In Case You hadn't Already Heard
Obamacare continues to collapse under its own weight. It is growing more likely that it will become a complete failure sometime late in 2017. I could go on and on but I will spare you.
10/24/2016 02:37:41 PM
When Magic Fairies Really Aren't
The sheer lunacy that dominates the United States right now is mind-boggling! We have been invaded by self-proclaimed magic fairies who call themselves politicians, regulators and Janet Yellen. Unfortunately, their fairy dust is not so magical. Alright! Alright! I am o.k. now; I just took another blood pressure pill. You want proof…alright, read on.
I pointed out to you in my July 29
post that regardless of how much fairy dust they have sprinkled, this is still the worst economic expansion in recent modern times. You would think the self-proclaimed elites that prescribe to watch over our country and economy would be frantically trying to reverse this. HUH! In fact, it seems that Janet Yellen and politicians are about to make things worse. The Fed has been spouting the message that the US economy is running so well that we may need another rate hike and it would seem the markets are buying that message. After all, oil prices have doubled, commodity prices have stabilized, the unemployment rate is low, jobless claims are at record lows, wage and inflation pressures are rising, and corporate earnings are less negative (remember, two negatives make a positive ha ha). I mean, heck, I almost just talked myself into drinking the Kool-Aid! Well, here is a little dose of reality. The chart below shows the real-time GDP estimate for Q3 and you can see it has been plunging recently. This is supposed to be the best quarter of growth this year and it is barely hanging on to 2% growth.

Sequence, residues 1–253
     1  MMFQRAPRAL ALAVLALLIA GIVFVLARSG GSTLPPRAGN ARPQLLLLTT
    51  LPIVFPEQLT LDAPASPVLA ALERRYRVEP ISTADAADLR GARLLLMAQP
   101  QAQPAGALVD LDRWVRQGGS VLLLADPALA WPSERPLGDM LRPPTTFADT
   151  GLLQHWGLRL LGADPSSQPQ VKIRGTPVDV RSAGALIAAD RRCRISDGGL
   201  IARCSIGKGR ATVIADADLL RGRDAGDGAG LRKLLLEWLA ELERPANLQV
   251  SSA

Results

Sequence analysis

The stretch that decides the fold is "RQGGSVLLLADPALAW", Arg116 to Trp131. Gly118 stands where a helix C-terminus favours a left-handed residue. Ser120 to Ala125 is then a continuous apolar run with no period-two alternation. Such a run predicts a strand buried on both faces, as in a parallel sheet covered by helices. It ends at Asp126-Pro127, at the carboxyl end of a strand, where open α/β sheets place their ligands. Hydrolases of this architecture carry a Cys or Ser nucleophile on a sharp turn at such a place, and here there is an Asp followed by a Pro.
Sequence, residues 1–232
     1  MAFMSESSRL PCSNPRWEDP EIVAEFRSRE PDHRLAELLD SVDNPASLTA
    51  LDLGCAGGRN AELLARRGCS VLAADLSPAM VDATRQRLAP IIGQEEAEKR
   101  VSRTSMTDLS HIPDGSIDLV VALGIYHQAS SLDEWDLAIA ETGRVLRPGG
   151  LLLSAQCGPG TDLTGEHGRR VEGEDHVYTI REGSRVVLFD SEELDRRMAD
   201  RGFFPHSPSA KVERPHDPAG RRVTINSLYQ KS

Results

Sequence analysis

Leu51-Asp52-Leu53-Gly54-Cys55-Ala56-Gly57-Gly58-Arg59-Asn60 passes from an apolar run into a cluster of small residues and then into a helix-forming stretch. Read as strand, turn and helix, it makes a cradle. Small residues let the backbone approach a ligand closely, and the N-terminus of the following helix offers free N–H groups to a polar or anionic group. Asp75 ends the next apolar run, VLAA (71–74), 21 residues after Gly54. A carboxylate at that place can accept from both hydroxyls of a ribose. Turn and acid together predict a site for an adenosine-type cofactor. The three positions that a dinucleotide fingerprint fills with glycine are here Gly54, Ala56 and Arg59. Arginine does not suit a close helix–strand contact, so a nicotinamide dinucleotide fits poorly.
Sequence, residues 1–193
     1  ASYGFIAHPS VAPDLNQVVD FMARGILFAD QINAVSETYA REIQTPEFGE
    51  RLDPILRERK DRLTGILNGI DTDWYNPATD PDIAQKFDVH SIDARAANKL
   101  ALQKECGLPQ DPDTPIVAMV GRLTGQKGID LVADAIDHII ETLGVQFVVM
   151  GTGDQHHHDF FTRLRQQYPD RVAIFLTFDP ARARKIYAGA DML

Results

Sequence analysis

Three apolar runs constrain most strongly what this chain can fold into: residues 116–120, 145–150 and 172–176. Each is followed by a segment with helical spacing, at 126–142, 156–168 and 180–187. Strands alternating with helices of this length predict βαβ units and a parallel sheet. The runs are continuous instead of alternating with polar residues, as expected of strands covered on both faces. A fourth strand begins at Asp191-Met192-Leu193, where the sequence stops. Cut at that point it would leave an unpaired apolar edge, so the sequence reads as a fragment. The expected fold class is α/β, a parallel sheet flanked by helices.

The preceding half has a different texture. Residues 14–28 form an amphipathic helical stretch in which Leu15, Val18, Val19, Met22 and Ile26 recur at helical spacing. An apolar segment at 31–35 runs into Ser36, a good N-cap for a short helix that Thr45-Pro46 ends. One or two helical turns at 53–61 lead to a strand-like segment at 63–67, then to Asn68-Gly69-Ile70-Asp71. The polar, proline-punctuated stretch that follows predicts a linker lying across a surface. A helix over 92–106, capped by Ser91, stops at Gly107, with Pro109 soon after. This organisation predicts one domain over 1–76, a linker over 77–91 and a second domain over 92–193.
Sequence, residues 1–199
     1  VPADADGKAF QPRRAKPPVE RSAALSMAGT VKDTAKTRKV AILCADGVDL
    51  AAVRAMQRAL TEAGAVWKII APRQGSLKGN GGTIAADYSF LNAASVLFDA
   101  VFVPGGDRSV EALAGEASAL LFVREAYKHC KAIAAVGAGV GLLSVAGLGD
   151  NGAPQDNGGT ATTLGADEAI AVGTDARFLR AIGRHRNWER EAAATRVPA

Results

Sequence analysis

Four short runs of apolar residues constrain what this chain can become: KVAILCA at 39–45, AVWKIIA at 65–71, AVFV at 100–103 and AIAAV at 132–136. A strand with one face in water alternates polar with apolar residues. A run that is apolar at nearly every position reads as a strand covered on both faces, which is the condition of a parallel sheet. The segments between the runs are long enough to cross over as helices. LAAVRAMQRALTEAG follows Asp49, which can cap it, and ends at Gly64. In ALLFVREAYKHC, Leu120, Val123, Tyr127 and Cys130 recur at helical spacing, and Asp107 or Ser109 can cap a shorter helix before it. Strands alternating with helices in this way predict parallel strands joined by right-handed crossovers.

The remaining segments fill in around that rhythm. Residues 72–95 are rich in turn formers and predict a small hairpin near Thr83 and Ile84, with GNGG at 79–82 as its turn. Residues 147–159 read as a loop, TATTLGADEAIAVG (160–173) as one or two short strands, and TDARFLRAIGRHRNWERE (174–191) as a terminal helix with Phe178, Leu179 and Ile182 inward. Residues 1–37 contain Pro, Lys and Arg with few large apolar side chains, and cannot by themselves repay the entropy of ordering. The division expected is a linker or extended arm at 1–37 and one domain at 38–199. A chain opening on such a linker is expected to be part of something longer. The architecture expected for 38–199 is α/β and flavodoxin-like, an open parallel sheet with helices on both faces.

Even with that, according to the chart below, the market appears to still be full of that Kool-Aid because it shows that markets are pricing in roughly a 64% probability of a Fed rate hike in December. This is all fine-and-dandy but let’s look under the hood for the economy’s real message.
My Corporate Health Index is anything but healthy. This index says that corporations are in some decent trouble when we look at things like cash flows and earnings. The reason this is important is because once they get into too much trouble, they start to reduce expenses (i.e. lay off people). The chart below clearly shows this relationship.